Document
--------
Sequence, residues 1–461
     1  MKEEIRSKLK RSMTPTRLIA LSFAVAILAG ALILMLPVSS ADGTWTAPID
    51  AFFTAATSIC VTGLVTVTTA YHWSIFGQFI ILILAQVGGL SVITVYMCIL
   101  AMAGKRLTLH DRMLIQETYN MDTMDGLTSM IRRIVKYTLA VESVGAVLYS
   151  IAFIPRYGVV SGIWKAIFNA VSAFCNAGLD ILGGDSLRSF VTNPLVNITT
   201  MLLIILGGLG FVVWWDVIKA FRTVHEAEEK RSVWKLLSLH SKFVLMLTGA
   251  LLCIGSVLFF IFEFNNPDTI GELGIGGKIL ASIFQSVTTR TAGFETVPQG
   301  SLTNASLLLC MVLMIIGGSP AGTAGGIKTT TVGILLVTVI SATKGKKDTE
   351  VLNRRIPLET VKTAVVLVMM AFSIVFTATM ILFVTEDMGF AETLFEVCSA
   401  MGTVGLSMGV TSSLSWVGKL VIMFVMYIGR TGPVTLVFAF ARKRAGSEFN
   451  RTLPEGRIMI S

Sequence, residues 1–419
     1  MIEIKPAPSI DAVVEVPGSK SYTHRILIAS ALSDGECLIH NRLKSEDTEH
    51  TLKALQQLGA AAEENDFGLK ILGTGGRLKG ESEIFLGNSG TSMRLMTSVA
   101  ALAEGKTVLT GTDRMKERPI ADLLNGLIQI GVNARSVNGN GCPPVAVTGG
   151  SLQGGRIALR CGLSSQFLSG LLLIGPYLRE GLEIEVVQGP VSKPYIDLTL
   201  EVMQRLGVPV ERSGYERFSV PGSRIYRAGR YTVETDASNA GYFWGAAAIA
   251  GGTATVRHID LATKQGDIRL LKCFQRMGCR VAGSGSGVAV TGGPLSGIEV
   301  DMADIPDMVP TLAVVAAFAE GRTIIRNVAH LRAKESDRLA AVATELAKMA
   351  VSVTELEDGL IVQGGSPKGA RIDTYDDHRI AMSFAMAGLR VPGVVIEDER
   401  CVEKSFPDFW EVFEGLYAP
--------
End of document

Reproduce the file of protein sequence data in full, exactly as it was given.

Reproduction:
Sequence, residues 1–461
     1  MKEEIRSKLK RSMTPTRLIA LSFAVAILAG ALILMLPVSS ADGTWTAPID
    51  AFFTAATSIC VTGLVTVTTA YHWSIFGQFI ILILAQVGGL SVITVYMCIL
   101  AMAGKRLTLH DRMLIQETYN MDTMDGLTSM IRRIVKYTLA VESVGAVLYS
   151  IAFIPRYGVV SGIWKAIFNA VSAFCNAGLD ILGGDSLRSF VTNPLVNITT
   201  MLLIILGGLG FVVWWDVIKA FRTVHEAEEK RSVWKLLSLH SKFVLMLTGA
   251  LLCIGSVLFF IFEFNNPDTI GELGIGGKIL ASIFQSVTTR TAGFETVPQG
   301  SLTNASLLLC MVLMIIGGSP AGTAGGIKTT TVGILLVTVI SATKGKKDTE
   351  VLNRRIPLET VKTAVVLVMM AFSIVFTATM ILFVTEDMGF AETLFEVCSA
   401  MGTVGLSMGV TSSLSWVGKL VIMFVMYIGR TGPVTLVFAF ARKRAGSEFN
   451  RTLPEGRIMI S

Sequence, residues 1–419
     1  MIEIKPAPSI DAVVEVPGSK SYTHRILIAS ALSDGECLIH NRLKSEDTEH
    51  TLKALQQLGA AAEENDFGLK ILGTGGRLKG ESEIFLGNSG TSMRLMTSVA
   101  ALAEGKTVLT GTDRMKERPI ADLLNGLIQI GVNARSVNGN GCPPVAVTGG
   151  SLQGGRIALR CGLSSQFLSG LLLIGPYLRE GLEIEVVQGP VSKPYIDLTL
   201  EVMQRLGVPV ERSGYERFSV PGSRIYRAGR YTVETDASNA GYFWGAAAIA
   251  GGTATVRHID LATKQGDIRL LKCFQRMGCR VAGSGSGVAV TGGPLSGIEV
   301  DMADIPDMVP TLAVVAAFAE GRTIIRNVAH LRAKESDRLA AVATELAKMA
   351  VSVTELEDGL IVQGGSPKGA RIDTYDDHRI AMSFAMAGLR VPGVVIEDER
   401  CVEKSFPDFW EVFEGLYAP